President Trump hosted the families of victims of crimes committed by undocumented immigrants at the White House on Wednesday as a part of an effort to put pressure on Republicans in the House to pass legislation targeting so-called sanctuary cities.
"You lost the people that you love because our government refused to enforce our nation's immigration laws and that's including the existing immigration laws," Trump told the family members who had joined him in the Cabinet room. "For years the pundits, journalists, politicians in Washington refused to hear your voices, but on Election Day 2016 your voices were heard all across the entire world. No one died in vain, I can tell you that."
The two pieces of legislation are coming up for a vote in the House, "Kate's Law" and "No Sanctuary for Criminals Act," align with the President's tough-on-immigrants approach. Kate's Law, which is named after a woman who was killed by an undocumented immigrant who'd been deported five times in San Francisco, would allow mandatory minimum sentences to be imposed on immigrants who are convicted of re-entering the country illegally. The Sanctuary bill reduce the amount of Department of Justice and Department of Homeland Security grant funds available for jurisdictions those found to have "sanctuary policies" that the administration says violate federal law.
The White House issued statements in support of both pieces of legislation on June 27. On Wednesday, Trump called on Congress to get the bills to his desk quickly. Speaker of the House Paul Ryan told Fox and Friends a vote on the two bills would come this week.
"It's time to support our police to protect our families and to save American lives and also to start getting smart," Trump said.
Attorney General Jeff Sessions also released a statement in support of the bill, saying criminals and gangs take advantage of sanctuary policies in order to wreak havoc on communities.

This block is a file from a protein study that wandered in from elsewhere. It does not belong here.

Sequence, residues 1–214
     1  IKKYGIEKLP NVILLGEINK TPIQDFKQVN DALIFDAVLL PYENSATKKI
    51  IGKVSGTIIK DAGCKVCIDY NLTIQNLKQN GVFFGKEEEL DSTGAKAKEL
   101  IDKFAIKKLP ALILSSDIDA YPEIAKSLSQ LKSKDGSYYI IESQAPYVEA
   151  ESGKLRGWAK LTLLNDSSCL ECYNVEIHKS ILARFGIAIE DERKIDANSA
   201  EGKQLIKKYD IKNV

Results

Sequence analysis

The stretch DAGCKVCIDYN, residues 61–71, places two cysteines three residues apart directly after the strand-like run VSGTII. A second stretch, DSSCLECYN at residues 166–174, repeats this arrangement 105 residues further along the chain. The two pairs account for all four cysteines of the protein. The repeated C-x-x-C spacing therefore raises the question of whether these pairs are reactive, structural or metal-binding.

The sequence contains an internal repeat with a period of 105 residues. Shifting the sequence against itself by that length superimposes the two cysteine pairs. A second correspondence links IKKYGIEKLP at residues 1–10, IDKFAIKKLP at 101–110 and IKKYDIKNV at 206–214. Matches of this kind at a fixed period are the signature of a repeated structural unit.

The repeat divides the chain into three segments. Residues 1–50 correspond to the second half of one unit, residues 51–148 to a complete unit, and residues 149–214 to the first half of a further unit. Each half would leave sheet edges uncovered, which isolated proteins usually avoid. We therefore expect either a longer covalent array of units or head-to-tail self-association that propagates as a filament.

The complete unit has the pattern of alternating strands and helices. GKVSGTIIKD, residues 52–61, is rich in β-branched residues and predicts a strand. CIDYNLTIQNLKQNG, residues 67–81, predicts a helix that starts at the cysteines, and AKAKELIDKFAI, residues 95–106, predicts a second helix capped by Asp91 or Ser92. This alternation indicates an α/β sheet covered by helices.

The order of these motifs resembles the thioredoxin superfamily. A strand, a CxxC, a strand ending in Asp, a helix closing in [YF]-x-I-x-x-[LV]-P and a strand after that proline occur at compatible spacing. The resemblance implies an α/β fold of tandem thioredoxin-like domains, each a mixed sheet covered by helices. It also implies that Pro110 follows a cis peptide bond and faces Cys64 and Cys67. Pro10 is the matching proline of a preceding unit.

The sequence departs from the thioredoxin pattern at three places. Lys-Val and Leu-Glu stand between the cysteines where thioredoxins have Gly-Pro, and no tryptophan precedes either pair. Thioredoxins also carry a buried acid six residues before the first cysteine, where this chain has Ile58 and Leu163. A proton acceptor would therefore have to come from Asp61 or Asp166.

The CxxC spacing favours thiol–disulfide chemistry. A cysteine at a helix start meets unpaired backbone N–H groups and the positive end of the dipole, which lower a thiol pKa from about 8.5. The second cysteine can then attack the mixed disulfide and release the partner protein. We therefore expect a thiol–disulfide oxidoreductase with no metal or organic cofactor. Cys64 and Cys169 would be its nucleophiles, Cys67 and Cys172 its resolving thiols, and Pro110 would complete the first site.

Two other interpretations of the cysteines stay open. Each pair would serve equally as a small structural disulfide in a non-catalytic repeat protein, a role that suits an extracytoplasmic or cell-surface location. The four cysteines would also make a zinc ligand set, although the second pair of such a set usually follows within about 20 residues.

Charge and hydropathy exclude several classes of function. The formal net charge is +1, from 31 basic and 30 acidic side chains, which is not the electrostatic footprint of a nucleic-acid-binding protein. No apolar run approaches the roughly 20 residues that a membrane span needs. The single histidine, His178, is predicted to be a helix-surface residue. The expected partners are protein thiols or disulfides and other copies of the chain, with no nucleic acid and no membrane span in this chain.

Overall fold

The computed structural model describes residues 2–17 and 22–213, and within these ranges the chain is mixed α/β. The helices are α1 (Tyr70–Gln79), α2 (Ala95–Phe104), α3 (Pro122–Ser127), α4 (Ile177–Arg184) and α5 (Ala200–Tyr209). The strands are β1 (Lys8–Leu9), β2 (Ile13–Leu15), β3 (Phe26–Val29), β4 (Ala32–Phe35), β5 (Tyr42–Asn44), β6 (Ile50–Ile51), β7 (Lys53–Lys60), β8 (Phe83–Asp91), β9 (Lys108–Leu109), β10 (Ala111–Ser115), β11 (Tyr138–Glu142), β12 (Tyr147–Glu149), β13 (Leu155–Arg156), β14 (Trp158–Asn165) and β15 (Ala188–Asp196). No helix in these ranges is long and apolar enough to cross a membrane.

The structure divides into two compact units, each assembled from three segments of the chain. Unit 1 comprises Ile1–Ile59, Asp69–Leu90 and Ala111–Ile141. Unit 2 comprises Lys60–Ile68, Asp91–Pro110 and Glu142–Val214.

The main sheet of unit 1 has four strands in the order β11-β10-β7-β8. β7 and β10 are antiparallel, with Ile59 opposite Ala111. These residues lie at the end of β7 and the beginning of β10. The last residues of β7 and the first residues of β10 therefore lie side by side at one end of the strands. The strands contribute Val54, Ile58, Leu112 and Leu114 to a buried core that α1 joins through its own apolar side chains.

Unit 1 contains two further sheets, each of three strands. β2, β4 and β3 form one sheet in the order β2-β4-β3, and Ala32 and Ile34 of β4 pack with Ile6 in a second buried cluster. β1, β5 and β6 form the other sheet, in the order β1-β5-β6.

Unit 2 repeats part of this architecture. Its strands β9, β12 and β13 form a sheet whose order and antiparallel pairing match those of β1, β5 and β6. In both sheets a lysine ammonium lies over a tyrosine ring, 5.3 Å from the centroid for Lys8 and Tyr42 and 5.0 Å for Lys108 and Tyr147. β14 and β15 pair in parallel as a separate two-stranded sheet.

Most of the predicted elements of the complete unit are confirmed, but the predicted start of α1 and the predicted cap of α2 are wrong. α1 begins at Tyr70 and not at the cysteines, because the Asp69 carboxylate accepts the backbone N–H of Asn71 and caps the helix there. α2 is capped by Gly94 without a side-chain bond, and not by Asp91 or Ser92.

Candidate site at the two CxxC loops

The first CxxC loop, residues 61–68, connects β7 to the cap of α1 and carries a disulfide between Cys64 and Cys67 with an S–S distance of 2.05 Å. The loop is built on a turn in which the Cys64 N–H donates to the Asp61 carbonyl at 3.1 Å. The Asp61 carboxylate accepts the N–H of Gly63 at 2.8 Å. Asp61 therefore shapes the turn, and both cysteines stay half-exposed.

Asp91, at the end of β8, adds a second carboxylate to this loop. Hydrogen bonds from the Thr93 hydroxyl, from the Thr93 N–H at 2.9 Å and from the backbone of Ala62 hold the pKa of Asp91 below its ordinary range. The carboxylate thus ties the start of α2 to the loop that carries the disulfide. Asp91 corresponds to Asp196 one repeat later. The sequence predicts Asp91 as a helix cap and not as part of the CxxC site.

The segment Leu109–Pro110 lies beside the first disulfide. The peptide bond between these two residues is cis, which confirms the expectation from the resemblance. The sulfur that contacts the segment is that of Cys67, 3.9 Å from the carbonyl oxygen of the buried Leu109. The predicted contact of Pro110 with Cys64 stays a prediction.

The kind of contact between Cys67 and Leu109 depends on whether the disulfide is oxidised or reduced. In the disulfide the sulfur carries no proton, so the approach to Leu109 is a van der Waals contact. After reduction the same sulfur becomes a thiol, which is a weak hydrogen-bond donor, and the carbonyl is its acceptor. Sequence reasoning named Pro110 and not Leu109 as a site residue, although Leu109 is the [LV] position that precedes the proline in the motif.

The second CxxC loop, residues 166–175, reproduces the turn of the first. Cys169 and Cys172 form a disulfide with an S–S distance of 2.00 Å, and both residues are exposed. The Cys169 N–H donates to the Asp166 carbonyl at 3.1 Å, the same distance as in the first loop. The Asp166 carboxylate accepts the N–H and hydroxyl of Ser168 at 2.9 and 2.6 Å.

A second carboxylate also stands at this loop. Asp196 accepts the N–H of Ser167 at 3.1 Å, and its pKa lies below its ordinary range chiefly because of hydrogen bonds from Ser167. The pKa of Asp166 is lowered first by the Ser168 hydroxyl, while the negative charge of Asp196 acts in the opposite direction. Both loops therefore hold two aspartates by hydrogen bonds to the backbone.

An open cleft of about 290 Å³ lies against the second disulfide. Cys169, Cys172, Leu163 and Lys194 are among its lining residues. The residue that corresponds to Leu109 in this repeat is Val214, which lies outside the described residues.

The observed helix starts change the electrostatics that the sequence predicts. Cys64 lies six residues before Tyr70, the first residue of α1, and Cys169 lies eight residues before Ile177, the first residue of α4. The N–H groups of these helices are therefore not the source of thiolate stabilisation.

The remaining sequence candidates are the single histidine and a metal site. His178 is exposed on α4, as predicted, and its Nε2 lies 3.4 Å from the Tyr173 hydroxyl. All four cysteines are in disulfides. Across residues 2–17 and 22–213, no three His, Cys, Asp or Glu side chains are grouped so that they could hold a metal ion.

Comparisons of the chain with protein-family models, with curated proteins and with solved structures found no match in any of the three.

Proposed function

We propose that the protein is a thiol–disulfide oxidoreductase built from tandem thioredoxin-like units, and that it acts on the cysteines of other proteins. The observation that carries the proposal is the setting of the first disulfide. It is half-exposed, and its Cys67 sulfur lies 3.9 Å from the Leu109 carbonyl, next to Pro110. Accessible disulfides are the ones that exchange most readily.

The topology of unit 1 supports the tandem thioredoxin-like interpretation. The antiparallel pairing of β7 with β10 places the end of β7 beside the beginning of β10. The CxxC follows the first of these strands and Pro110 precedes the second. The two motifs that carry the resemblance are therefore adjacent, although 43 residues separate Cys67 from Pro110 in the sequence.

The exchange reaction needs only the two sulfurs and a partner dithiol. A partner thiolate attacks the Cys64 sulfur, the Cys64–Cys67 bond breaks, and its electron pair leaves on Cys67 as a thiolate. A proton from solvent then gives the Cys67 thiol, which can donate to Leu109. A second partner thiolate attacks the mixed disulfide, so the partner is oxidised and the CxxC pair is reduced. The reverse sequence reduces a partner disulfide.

" Closing these loopholes in our laws must be a priority if we are to make America safe from these dangerous transnational organizations," Sessions said in a statement. " These bills can restore sanity and common-sense to our system by ending abusive attempts to undermine federal law, and they can prevent future tragedies by empowering law enforcement."
While the White House is putting its muscle behind these two pieces of legislation. Pro-immigration advocacy groups, some law enforcement groups, and others have raised concerns. In a post on the right-leaning Cato Institute's website, the think-tank's immigration policy analyst David Bier described the "No Sanctuary" bill as anti-federalist and said parts of it pose a threat to state sovereignty. The National Fraternal Order of Police sent a letter to House leaders saying that while they believe state and local law enforcement should cooperate with their federal counterparts, they are opposed to any legislation that withholds federal funding from law enforcement programs. "It is unjust to penalize law enforcement and the citizens they serve because Congress disagrees with their enforcement priorities with respect to our nation's immigration laws," the letter reads.
The American Civil Liberties Union has also come out against the bills. In a statement, Lorella Praeli, the director of immigration policy and campaigns at the American Civil Liberties Union said the bills were "riddled with constitutional violations" in a statement issued Wednesday. " The true intent of these bills is to empower Trump’s deportation force and anti-immigrant agenda," Praeli said. "We urge the House to reject these bills, to defend the Constitution, and protect the rights of all people, no matter their background.”
Families of victims, however, have praised the President's efforts to seek justice for those who'd been attacked by illegal immigrants. A mother of a victim told the New York Times she was so overwhelmed by the President's statements on immigrations she cried.
“It was almost an out-of-body experience after being so deeply hurt and nobody listening and nobody wanting to talk to you about this,” Sabine Durden told the Times. “It’s almost like I put on a little Superwoman cape because I knew I was fighting a worthwhile fight.”
Trump has put an emphasis on rooting out criminal immigrants from the U.S. since he's been in office, ramping up immigration enforcement capabilities under two executive orders, though the enforcement has made all undocumented immigrants vulnerable to action. According to a White House Fact Sheet, there have been boosts in Immigration and Customs Enforcement operations, arrests of undocumented immigrants, and removals of gang members since Trump took office.